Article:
Opinion: Citizens and the ‘Right of Way’

Once in a while I think of Walt Davis, head of West Hollywood’s traffic management program, and how besieged he is on all sides. He is a most patient man, but residents have taken him to task so often in his attempts to answer their complaints that his mild, firm demeanor should be exhibiting some cracks by now. Certainly, his masters at City Hall (Oops! I thought that the voters were the masters) are also hectoring him about finding solutions to the traffic mess that plagues us – which may be an impossible job since he can answer only to the West Hollywood situation, not the regional condition. Between these two forces, Mr. Davis wends his way.

Mr. Davis has had some successes, as recently pointed out by the West Hollywood West Residents Association’s bulletin regarding a report about the efficacy of some of the “traffic calming” measures installed in its area of influence. One of the apparently insurmountable obstacles to really managing the flow of traffic through our city is finding devices or structures that will please everybody. That’s impossible. The current plan to test and survey results will provide numbers, stats upon which to devise and install controls. It must be accepted that there will always be people who are never pleased. In the democratic tradition, they must learn to live with the majority.

Aside from the professionals working on the problem, many citizens (residents) must still be able to voice their concerns among themselves and at informal community meetings. Ed’s Coffee Shop is one of the informal gathering places for many on the Westside of the city. (I must shamefully state that I know little of the Eastside or Mid-City traffic conditions, but they cannot be much different than those expressed here. I do hope that someone will step forward to air the concerns of those two regions.) A recent lunch meeting of several long-time residents brought forth a number of comments vis-à-vis the traffic and of being a pedestrian in the city. If I were a teenager looking for extra cash, I’d sign up neighbors for my “help you back out of your driveway service. ” That would be especially handy at the morning and evening rush hours when the vehicle count is the highest. Not so much now, but earlier, when I heard several car horns honking away and I looked out to see some fool wanting to turn left onto busy Robertson Boulevard or waiting for a chance to dash across Robertson to the other side. This delay caused cars to back up, sometimes all the way down the block. I would suggest posting a large sign at that corner (and others like it) reading RIGHT TURN ONLY. Remember how UPS does it?

Aside from the congestion, we who are down here on the flats in our little houses contend with noise, often so loud that conversations are interrupted. Sitting in our wee front patios, common enough, to chat and have the day’s first sip of Jim Beam – we are prevented from doing that most days. Besides the noise, we contend with more of that black soot-like material, the breakdown of tires and roadway. Dirt. And then, of course, is automobile and truck exhaust, which we know contains many unhealthy and even toxic compounds, happily spread for all to inhale. Diesel exhaust is in a consideration by itself. The City of Los Angeles is having a serious debate about placing apartment buildings near expressways and transportation hubs. Should we be less concerned? As our demographic is altered by an increasing number of families (of every blend) this should be a matter of great concern.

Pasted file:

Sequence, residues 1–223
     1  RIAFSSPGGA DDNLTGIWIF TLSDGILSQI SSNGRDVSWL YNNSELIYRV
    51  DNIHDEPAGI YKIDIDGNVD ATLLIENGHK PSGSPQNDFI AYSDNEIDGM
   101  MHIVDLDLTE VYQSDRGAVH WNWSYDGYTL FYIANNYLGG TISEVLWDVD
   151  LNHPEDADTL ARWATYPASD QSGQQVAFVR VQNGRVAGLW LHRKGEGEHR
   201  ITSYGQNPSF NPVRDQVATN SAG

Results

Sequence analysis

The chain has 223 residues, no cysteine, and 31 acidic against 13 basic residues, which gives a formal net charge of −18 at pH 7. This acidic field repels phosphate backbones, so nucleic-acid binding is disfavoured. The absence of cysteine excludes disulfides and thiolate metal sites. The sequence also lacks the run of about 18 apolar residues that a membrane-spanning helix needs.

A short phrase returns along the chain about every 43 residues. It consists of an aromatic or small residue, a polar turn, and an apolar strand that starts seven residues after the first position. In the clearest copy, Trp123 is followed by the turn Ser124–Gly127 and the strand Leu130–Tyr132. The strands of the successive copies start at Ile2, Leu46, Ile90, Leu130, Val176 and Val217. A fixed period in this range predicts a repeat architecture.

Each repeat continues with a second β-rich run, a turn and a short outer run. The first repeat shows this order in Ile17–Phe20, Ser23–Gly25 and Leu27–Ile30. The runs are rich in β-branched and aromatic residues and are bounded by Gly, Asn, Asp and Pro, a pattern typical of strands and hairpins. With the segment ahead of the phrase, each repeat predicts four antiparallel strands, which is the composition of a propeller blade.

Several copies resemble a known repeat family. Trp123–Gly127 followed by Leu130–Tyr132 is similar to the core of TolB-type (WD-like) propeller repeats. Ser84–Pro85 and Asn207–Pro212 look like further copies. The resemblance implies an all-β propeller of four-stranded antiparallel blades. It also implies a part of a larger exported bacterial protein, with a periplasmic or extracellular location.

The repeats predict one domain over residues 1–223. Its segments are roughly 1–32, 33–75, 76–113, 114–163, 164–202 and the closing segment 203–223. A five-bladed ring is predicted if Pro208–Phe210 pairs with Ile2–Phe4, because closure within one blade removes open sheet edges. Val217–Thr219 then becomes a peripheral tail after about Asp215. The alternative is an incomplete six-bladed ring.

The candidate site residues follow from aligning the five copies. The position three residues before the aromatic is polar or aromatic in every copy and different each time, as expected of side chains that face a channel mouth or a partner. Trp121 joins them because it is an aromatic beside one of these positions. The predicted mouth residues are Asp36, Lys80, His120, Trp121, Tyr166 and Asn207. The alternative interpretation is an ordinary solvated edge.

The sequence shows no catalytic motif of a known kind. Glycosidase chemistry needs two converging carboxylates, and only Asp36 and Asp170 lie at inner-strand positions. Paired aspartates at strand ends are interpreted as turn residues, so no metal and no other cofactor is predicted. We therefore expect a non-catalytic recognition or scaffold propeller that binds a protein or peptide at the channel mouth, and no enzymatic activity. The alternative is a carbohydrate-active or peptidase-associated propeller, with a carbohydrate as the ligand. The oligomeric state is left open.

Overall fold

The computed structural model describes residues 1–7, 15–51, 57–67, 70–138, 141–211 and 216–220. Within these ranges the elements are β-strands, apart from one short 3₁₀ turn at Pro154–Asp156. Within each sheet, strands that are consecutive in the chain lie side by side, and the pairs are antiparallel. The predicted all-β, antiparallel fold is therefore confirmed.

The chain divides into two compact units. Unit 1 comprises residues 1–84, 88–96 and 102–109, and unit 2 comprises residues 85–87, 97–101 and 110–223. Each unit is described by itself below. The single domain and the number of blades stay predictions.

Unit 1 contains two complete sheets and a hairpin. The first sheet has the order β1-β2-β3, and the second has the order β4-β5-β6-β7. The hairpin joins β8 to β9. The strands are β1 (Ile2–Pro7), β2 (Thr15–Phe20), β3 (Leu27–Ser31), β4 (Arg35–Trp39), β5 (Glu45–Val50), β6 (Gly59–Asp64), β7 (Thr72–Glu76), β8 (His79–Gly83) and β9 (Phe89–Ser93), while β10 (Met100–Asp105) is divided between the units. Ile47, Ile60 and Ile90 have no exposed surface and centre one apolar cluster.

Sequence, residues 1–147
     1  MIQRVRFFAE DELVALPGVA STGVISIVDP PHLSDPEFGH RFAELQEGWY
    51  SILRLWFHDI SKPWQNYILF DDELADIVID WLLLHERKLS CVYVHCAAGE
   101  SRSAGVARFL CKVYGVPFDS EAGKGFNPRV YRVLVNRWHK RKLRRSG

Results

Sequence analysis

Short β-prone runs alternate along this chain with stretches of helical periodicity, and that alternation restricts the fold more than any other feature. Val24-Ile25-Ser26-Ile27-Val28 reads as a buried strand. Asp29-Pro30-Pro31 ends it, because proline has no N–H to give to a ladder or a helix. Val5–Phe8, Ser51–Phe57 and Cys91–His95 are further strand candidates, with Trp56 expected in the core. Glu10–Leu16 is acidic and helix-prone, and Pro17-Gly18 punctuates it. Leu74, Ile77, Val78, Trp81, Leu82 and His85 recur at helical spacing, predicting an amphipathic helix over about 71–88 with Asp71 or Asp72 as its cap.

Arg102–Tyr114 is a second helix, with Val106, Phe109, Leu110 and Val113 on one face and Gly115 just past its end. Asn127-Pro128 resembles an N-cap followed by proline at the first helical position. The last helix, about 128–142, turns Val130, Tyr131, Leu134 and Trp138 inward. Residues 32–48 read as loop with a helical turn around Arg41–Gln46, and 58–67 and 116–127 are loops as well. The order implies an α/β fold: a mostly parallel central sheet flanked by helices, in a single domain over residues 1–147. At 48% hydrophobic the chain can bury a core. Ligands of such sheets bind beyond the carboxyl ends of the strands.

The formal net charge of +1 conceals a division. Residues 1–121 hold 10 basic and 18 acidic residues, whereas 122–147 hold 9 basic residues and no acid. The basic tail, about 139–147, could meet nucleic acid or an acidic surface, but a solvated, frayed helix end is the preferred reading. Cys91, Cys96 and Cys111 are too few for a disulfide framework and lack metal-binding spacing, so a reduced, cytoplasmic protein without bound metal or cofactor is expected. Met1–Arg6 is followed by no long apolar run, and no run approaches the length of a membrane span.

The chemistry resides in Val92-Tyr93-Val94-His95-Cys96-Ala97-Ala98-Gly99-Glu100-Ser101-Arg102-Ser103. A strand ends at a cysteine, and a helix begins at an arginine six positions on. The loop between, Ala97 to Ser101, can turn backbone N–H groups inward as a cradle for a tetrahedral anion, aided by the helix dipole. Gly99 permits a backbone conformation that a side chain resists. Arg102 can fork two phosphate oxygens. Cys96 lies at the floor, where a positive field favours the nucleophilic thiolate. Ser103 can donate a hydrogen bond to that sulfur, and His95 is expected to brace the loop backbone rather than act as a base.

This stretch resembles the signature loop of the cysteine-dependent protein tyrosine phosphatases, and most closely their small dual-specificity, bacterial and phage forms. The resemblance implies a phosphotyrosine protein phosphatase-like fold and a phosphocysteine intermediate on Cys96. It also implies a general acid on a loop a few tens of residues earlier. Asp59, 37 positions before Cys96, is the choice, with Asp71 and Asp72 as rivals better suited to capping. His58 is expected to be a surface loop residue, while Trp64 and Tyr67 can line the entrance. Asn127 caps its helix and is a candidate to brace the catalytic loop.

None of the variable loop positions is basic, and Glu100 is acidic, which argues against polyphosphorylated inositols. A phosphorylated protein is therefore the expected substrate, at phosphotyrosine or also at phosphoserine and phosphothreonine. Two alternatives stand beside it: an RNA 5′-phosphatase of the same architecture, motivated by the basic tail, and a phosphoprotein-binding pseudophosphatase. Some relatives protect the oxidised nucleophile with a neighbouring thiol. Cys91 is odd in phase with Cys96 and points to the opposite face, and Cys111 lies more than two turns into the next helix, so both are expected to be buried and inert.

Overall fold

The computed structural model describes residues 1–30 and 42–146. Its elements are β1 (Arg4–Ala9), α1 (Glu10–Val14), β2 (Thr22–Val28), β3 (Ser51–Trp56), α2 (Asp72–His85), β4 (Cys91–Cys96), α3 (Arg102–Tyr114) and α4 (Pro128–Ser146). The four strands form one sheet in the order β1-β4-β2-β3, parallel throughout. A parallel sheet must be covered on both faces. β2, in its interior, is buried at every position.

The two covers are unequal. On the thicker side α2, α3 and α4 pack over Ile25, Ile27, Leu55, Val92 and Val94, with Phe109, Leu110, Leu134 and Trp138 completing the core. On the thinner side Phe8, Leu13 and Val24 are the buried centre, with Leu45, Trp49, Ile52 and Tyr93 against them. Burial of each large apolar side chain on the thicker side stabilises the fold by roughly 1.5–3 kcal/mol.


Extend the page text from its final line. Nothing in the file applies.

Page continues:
Driver vision is impaired somewhat by the placement of our street lights. They sit high, often above the out of scale trees around them, so that not much light gets to the street, let alone the sidewalk. Speaking of sidewalks and the “right of way,” it was generally agreed that it is too dangerous to cross at intersections as traffic seldom slows while turning onto our narrow streets, giving a crossing pedestrian little time to react. So, where to cross? Even our city has told us that one has a better chance of being struck by a car in a crosswalk than by jaywalking in the middle of the street. A consequence of this is that geezers such as I severely limit our excursions, sometimes using Uber or depending on the kindness of strangers, like Blanche.

Traffic problems are regional and must be addressed as such. Those administrative lines on the county maps are a fiction when it comes to this problem. But, a county that would spend billions on subways rather than millions on surface transit will have little will to act until its citizens loudly demand action. One little city cannot solve them all. West Hollywood can, however, do its utmost to assure the well being and safety of its residents. Barring that, perhaps we whiny Westsiders should just move away and make room for the next hotel.


2 Comments
  1. What is an “out of scale tree”? Seriously, you complain that the trees are out of scale — i.e. presumably too large — and then you complain that they obscure the lights because the lights are too high. Perhaps, the trees are too small like all the tiny single-family dwellings that are too small to be in the midst of a large metropolitan area?

  2. WeHo is the unintended victim of a street layout that cannot carry large volumes of traffic quickly. Combine this with our being one of the most densely populated cities per square mile in the country, and we have the formula for intense congestion. I doubt that mass surface transit that moves on wheels will ever be able to speed things up unless we ban private vehicles, and we know that’s not going to happen.

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